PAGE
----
Uspenski Cathedral

Helsinki, Finland

Uspenski Cathedral is an Eastern Orthodox cathedral dedicated to the Dormition of the Theotokos (the Virgin Mary). The cathedral was designed by the Russian architect Alexey Gornostaev (1808–1862), but it was built after his death in 1862-1868. It was made of bricks brought mainly from Bomarsund fortress in Åland which had been destroyed during the Crimean War in 1854.

Uspenski cathedral represents the Slavonic architecture, but the interior has a strong Byzantine influence. The cathedral has also several valuable icons. With its golden cupolas and redbrick facade, the cathedral is one of the clearest symbols of the Russian impact on Finnish history. It’s very popular tourist attraction with half million annual visits.

Comments

Your name

Website (optional)



Details

Founded: 1862-1868
Category: Religious sites in Finland
Historical period: Russian Grand Duchy (Finland)

Rating

4.5/5 (based on Google user reviews)

User Reviews

Vagelis Antoniadis (6 months ago)
The red brick used for building it, make it unique and visible from far away.
Michael A. (6 months ago)
Beautiful Cathedral. Wasn't able to go inside, but it looks great on the outside. There's a small park next to it.
jiwi (6 months ago)
Worth a visit if you can and easy to reach by public transport. Try to catch a concert there if you have a chance.
Irene Cotrina (7 months ago)
It's so surprising to see an ornate orthodox church amongst the severe, straight lined, Lutheran ones in Finland! The church is very imposing and, in the winter's days, surrounded by snow and half hidden in the mist, it looks as it came out of a fairy tale book. Worth a visit!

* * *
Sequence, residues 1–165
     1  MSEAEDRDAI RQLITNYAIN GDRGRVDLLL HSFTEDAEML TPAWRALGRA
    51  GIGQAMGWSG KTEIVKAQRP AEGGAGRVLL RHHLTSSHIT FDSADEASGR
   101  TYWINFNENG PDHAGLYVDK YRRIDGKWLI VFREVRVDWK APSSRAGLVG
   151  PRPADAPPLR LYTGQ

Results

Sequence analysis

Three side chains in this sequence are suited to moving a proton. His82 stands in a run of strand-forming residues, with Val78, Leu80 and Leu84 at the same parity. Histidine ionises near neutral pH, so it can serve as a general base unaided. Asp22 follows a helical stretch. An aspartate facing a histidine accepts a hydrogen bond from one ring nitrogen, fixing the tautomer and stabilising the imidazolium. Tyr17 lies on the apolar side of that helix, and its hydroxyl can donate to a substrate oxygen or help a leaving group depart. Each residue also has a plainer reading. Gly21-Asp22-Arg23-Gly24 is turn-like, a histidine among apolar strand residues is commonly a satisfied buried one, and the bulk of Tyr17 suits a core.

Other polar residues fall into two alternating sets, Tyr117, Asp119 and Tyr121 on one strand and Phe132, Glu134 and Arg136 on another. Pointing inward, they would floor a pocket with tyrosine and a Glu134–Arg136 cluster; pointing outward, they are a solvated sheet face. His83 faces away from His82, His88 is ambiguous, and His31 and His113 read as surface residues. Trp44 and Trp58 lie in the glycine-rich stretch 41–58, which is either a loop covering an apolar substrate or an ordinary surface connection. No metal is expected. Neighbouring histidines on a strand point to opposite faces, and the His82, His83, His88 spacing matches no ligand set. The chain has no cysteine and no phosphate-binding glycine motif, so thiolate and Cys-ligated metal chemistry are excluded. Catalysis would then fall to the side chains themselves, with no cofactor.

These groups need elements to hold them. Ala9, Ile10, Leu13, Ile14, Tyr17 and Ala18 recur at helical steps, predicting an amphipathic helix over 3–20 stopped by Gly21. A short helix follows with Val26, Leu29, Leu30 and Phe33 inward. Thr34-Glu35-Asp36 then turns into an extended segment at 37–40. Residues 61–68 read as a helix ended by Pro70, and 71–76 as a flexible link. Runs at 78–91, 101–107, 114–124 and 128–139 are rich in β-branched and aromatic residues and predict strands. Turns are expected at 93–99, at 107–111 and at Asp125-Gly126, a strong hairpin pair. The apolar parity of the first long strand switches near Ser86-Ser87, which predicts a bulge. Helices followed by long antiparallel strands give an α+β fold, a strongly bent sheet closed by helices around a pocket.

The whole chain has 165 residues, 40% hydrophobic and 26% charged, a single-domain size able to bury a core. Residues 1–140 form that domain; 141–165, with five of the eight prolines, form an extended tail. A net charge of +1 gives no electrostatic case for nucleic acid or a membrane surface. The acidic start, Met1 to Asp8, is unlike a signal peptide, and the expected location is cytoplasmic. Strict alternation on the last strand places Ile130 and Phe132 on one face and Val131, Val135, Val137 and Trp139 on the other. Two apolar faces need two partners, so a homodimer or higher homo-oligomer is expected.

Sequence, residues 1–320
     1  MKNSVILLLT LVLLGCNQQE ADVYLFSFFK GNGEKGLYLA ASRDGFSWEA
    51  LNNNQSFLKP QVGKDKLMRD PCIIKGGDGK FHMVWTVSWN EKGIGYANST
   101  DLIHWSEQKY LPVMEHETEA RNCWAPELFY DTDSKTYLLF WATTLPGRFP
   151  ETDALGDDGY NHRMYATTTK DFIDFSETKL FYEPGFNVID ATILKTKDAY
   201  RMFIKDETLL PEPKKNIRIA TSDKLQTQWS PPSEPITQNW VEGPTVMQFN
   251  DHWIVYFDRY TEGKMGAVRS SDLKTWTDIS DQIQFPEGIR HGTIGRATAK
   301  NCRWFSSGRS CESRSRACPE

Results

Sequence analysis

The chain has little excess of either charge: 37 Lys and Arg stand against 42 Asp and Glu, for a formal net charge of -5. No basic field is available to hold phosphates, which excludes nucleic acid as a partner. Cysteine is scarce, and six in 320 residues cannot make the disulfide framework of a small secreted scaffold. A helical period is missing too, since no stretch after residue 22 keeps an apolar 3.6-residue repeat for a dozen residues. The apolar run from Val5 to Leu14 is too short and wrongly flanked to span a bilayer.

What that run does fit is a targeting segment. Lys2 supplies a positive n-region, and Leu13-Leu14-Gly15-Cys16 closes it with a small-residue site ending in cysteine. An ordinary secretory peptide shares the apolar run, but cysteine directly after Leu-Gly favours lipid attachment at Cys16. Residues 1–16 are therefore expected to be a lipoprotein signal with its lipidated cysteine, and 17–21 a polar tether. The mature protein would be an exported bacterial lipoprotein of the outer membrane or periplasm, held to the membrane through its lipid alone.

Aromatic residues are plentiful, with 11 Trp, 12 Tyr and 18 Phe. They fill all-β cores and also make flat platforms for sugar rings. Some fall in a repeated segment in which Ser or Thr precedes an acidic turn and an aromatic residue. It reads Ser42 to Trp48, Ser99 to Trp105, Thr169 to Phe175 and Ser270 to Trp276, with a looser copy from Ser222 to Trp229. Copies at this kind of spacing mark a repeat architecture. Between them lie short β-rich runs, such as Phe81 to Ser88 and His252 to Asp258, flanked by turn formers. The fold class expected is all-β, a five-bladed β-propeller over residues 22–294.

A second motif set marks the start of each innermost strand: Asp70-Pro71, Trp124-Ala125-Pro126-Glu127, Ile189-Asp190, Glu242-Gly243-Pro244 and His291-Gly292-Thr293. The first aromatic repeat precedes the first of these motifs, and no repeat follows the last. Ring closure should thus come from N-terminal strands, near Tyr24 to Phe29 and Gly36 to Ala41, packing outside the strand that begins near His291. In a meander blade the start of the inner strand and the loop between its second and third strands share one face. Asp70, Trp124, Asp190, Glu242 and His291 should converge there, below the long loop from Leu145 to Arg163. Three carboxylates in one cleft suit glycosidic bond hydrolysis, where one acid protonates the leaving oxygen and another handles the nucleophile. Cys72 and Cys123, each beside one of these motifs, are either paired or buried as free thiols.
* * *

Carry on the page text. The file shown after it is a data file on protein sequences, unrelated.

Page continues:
Anthony Stevenson (7 months ago)
A beautiful, imposing cathedral, externally with expansive views across the city and, internally a large open space strikingly illuminated by large windows in the walls and domes. Slightly disappointed that tourists were hemmed into just one side and unable to wander around, however, it was clearly in use by worshippers. Immobile visitors may find the trek uphill challenging.
Powered by Google

Featured Historic Landmarks, Sites & Buildings

Historic Site of the week

Kerameikos

Kerameikos was the potters" quarter of the city, from which the English word 'ceramic' is derived, and was also the site of an important cemetery and numerous funerary sculptures erected along the road out of the city towards Eleusis.

The earliest tombs at the Kerameikos date from the Early Bronze Age (2700-2000 BC), and the cemetery appears to have continuously expanded from the sub-Mycenaean period (1100-1000 BC). In the Geometric (1000-700 BC) and Archaic periods (700-480 BC) the number of tombs increased; they were arranged inside tumuli or marked by funerary monuments. The cemetery was used incessantly from the Hellenistic period until the Early Christian period (338 BC until approximately the sixth century AD).

The most important Athenian vases come from the tombs of the Kerameikos. Among them is the famous “Dipylon Oinochoe”, which bears the earliest inscription written in the Greek alphabet (second half of the eighth century BC). The site"s small museum houses the finds from the Kerameikos excavations.